Les passagers de la nuit (Berlinale review)

Les passagers de la nuit (Berlinale review)

Paris, 1981. François Mitterrand has just won the presidency. People are on the streets. But Élisabeth (Charlotte Gainsbourg) struggles to share the general mood of optimism. Her marriage is coming to an end and she will now have to support her family. She is distraught, and her father and teenage children are worried that her tears simply will not dry. She hasn’t worked for a long long time and it would be hard for her to return to the market with no qualification. She fails on her first attempt and gets fired the first day. But then she sends a letter to the host of her favourite radio programme, that has the name of the film. She gets a job there, answering phone calls of sleepless people listening to other’s stories. After an interview of one young girl at the studio, when she realizes that she has nothing to go, Élisabeth quickly offers her to move in at a spare room she has.

Mikhaël Hers screenplay and direction transfers us to the simpler times of the 80s, when radio is still big and inviting a homeless girl to your house seemed not that far-fetched, but rather reasonable. Hers sensitive eye Élisabeth and her family, with their problems and love lives is well meaning and sweet. Gainsbourg leads a cast that gives interesting and even moving performances. What for the mother is a mid-life crisis that she comes stronger from, for her teenage kids is a coming of out story that is happening in the same time and place.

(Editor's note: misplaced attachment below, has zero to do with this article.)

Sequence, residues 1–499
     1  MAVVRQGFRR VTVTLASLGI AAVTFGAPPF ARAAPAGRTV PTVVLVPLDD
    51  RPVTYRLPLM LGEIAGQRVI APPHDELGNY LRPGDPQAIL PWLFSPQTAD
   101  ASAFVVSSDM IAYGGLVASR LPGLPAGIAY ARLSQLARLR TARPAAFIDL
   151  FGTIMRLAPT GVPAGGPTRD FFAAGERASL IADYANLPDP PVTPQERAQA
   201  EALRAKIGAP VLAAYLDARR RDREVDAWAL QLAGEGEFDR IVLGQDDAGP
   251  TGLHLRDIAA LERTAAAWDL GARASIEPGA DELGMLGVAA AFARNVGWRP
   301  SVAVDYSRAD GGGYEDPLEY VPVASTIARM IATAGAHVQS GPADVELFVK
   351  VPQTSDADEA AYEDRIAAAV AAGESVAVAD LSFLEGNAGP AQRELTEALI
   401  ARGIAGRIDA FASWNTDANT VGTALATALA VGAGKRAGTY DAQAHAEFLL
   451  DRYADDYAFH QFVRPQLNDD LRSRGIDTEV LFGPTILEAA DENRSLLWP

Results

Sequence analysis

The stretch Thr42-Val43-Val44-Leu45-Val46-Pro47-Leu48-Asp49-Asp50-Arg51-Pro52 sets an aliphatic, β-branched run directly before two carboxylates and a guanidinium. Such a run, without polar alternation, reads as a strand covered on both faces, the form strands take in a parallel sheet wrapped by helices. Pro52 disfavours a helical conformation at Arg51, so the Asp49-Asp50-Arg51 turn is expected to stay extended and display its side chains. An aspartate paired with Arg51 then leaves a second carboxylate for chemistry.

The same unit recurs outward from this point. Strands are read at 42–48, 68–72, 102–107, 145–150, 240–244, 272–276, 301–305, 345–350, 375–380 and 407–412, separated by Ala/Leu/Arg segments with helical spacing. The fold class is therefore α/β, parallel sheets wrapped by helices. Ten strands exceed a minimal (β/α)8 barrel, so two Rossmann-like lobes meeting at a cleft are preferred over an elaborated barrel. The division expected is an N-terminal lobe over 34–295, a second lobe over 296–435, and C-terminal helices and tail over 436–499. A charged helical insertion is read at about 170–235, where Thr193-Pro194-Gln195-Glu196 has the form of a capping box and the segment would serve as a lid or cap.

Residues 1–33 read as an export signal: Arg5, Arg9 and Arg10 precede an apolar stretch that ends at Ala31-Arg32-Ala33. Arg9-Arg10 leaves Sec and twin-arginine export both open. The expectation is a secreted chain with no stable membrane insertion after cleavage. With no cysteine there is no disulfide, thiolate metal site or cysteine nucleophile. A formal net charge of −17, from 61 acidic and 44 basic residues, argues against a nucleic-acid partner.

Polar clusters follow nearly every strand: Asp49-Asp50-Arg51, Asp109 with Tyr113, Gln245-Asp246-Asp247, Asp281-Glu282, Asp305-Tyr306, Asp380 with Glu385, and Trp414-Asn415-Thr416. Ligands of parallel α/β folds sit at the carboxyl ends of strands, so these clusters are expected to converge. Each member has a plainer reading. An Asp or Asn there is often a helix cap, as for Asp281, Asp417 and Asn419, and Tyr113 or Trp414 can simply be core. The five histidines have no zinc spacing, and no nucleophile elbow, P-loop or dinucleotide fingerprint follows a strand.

The film is full of nostalgia of simpler times: the radio, the movie theater that the teens sneak in, the spontaneous meetings of potential love interests. Really simple things that are not the same as 40 years ago. It might be shocking but 1981 was 40 plus years ago and even if it seems more familiar and modern that films from the 60’s, films of this decade at some point will be considered period films as well.

In this timeline of the family lives, the film brings to mind “L’ Avenir” from Mia Hansen-Løve that was also in competition in Berlinale in 2016. Les passagers de la nuit though, doesn’t succeed in that extent to portrait the family dynamics and their evolution over time that well, staying in it’s good intentions and being an overall not memorable film.

Grade 2/5

by Mikhaël Hers
Screenplay: Mikhaël Hers, Maud Ameline, Mariette Désert
with Charlotte Gainsbourg, Quito Rayon-Richter, Noée Abita, Megan Northam, Thibault Vinçon
Country: France Year: 2022
Runtime: 111’

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